Is edtech only useful in a pandemic?

There's no doubt that schools have increasingly turned to technology over the last few months as schools have closed to most, but not all, pupils. Some schools already had well embedded systems and they came into their own during this crisis, many platforms have seen a significant increase in usage during this period. Jodie Lopez at LoveEdtech wrote about this.

TeacherTapp looked at use of technology and how it changed from before the announcement of school closures in the UK and through the first full week of lockdown. In early March 18% state primary school teachers reported they had access to a platform for setting and receiving work, compared with 57% of secondary school teachers.

Later in the month they asked about the technologies teachers had used during that first week. Interestingly 52% of Primary teachers said they had used an online platform to set and / or receive work, thats a 34% increase in those that reported they had one available at the start of the month. There was a similar increase of 25% in secondary.

What happened in those 4 weeks? - beyond the obvious and the world changed!

The answer is probably a range of factors:

  • not all teachers were aware of the platforms they had available to them and internal communications and CPD raised awareness

  • A large number of schools took advantage of the many 'free trial' offers from across the edtech sector and went through a phase of rapid implementation.

There's also a striking change in the use of 'live' lessons and video conferencing technologies, such as Microsoft Teams, Google Meet, Zoom. The sector that has embraced this technology the most has been the Independent sector. Only 1% of state schools were using this technology in the first week compared to 21% of Independent schools. By the end of the first week of lockdown usage in Independent had grown by around 7%.


Later in April Teachers on TeacherTapp were asked "What are you working on at home?" and the same very striking difference between sectors can be seen. 66% of teachers in Independent secondary reported they had hosted an online lesson with student interaction, compared to just 6% in the state sector. And perhaps particularly of note of the 7 uses of technology suggested teachers might have engaged in that week, 42% of teachers in state schools reported they had not engaged in any of them.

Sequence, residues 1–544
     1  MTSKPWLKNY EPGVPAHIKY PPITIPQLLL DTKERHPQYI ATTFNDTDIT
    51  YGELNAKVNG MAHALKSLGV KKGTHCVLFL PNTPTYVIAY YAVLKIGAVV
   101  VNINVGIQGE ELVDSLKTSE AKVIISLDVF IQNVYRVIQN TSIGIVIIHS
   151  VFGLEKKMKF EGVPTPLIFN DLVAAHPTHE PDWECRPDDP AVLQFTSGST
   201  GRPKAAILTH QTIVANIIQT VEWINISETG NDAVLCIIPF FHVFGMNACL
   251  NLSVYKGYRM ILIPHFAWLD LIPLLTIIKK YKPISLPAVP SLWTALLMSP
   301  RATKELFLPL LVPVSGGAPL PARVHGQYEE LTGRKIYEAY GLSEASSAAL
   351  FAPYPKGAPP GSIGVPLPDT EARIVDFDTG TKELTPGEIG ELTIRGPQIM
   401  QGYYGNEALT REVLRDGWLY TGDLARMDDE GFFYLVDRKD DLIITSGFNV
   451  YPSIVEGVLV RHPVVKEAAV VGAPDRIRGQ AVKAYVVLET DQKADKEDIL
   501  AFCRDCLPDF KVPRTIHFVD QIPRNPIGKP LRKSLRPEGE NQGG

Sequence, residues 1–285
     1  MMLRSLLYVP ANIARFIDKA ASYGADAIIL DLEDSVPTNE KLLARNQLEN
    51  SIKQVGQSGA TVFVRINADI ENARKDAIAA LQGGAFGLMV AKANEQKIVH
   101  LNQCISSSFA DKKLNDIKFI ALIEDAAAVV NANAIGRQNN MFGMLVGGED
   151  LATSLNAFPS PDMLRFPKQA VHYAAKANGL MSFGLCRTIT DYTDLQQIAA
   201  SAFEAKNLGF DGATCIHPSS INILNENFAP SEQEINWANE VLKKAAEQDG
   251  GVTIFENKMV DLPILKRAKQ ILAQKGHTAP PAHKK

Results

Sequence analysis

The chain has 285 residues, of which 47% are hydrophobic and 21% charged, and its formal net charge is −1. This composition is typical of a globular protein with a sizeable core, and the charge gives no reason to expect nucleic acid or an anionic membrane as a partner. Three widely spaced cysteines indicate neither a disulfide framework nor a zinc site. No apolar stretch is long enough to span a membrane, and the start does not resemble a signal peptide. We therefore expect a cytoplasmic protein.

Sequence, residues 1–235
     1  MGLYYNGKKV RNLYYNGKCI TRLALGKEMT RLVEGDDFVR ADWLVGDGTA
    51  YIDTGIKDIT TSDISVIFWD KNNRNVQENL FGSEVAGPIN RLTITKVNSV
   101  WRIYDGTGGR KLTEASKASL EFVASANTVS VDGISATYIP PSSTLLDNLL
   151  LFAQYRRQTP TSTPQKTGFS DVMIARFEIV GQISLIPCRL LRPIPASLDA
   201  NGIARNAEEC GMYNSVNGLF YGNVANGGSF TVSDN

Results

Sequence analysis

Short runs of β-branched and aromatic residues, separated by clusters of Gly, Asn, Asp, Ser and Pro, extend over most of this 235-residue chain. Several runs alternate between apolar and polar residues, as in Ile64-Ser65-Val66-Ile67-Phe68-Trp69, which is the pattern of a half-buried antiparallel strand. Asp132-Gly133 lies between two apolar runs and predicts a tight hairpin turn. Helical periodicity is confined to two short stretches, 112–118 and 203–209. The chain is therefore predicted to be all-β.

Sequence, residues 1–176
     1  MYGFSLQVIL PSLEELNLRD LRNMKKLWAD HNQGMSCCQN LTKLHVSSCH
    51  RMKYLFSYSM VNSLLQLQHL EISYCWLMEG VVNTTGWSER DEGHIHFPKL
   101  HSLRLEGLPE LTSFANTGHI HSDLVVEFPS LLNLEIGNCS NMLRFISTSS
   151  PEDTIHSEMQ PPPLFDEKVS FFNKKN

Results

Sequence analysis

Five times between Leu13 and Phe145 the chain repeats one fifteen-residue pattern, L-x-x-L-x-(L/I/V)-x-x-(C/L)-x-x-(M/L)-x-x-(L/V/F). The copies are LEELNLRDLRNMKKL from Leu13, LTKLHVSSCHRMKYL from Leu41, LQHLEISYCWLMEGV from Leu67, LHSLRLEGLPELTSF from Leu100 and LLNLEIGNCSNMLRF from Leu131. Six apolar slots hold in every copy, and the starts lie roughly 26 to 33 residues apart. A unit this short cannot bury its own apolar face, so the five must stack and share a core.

So in summary, there's a significant difference between sectors and between primary and secondary. That's not perhaps that surprising we've known that more broadly about the availability of technology in schools for sometime. What is interesting is the significant change in the awareness of and use of technology in the early days. The need to find new ways to work and adapt rapidly drove significant adoption, will it last?


Thousands of teachers have undertaken rapid CPD and enjoyed the benefits that technology use can bring. Depending on where you are in the world school closures are not necessarily a rarity (although extended closures clearly are), snow days, broken heating, health and safety concerns are all reasons we experience school closures in the UK. We also face the prospect of localised closures for classes, whole schools or local lockdowns for many months to come.

If you've benefitted from an online platform or other technologies during this period, remember it should be for life and not just for lockdown!


With the new academic year fast approaching (in Scotland it's already arrived!), schools are thinking about their online teaching and learning plans and how to respond to the DFE's expectations.

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